Evidence-based practice is critical but challenging in mental health. Rigorous research-proven interventions often do not yield expected results in the clinical practice. This study aimed to explore factors contributing to the effectiveness of Occupational Connections (OC)—an intervention for promotion of engagement in meaningful occupations in serious mental illness (SMI)—based on case series study of three quasi-experimental studies. The studies focused on people with SMI, admitted to intensive mental health services participated in the OC, as well as on a control condition group. Similar evaluation procedures throughout these studies addressed primary outcomes of participation dimensions and recovery orientation, as well as secondary outcomes of functional capacity, cognition, and symptom severity. Patterns of changes in outcome measures varied between the three studies as to direction and extension. In the OC groups, 29–60% of the outcome measurements were changed, in comparison to 29–43% of measurements in the control groups. The secondary outcomes were consistently improved in the OC (18–100% of measurements) in comparison to the control (18–67%). The analysis of the studies revealed that clinical effectiveness of participation-oriented intervention varied dependent on interplay between the clinical context, clinician actions, served persons’ characteristics, and evidence-building process. These factors should be considered to maximize research benefits for practice.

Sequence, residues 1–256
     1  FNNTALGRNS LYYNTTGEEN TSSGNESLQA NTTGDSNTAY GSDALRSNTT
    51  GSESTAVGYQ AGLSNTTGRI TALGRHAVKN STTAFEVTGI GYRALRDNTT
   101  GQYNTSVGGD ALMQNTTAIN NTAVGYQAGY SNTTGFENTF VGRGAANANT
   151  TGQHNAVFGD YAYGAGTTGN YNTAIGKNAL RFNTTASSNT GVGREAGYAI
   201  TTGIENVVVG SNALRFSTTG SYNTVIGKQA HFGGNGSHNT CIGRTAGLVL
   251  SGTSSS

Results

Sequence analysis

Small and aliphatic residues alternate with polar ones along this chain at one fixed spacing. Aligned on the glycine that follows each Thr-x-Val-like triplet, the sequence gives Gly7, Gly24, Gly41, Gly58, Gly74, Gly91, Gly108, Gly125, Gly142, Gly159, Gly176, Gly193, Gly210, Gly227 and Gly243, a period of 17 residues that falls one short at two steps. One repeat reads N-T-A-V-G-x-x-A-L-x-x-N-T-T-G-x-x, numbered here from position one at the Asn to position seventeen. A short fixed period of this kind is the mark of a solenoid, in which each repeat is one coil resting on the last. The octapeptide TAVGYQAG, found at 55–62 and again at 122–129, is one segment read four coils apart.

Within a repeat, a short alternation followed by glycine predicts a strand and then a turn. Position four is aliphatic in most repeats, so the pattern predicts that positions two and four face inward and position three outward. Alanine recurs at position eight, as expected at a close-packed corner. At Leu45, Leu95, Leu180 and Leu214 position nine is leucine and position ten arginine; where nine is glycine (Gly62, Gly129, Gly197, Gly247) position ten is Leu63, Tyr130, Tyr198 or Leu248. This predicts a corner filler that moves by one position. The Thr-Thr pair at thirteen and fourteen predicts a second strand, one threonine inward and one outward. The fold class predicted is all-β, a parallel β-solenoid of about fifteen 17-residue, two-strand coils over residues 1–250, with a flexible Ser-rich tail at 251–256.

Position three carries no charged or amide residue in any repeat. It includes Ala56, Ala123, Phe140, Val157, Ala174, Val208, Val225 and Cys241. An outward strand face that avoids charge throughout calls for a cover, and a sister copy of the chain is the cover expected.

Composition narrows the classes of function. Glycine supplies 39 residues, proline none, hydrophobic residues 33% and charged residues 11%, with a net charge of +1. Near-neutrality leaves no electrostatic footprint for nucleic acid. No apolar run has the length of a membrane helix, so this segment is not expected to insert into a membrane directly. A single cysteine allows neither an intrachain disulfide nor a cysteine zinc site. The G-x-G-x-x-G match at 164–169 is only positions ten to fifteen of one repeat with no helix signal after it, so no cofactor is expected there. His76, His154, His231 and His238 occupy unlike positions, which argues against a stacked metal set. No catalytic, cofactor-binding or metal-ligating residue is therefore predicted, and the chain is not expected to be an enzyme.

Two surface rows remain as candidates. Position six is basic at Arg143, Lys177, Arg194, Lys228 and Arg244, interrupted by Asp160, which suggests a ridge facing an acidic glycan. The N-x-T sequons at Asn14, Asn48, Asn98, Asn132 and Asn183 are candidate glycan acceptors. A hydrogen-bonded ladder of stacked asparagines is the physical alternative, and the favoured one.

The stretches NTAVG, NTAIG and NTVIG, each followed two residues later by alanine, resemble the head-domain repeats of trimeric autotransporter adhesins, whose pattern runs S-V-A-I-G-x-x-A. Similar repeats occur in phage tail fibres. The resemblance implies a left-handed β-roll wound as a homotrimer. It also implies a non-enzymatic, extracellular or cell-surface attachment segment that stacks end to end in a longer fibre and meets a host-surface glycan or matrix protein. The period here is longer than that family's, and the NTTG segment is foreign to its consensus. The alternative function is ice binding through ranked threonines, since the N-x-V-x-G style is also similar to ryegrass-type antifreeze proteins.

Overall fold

|International Journal of Environmental Research and Public Health
|Published - 24 Jan 2023
Bibliographical notePublisher Copyright:
© 2023 by the authors.
- clinical practice
- inpatient setting
- knowledge translation
- occupation-oriented intervention
- participation in daily life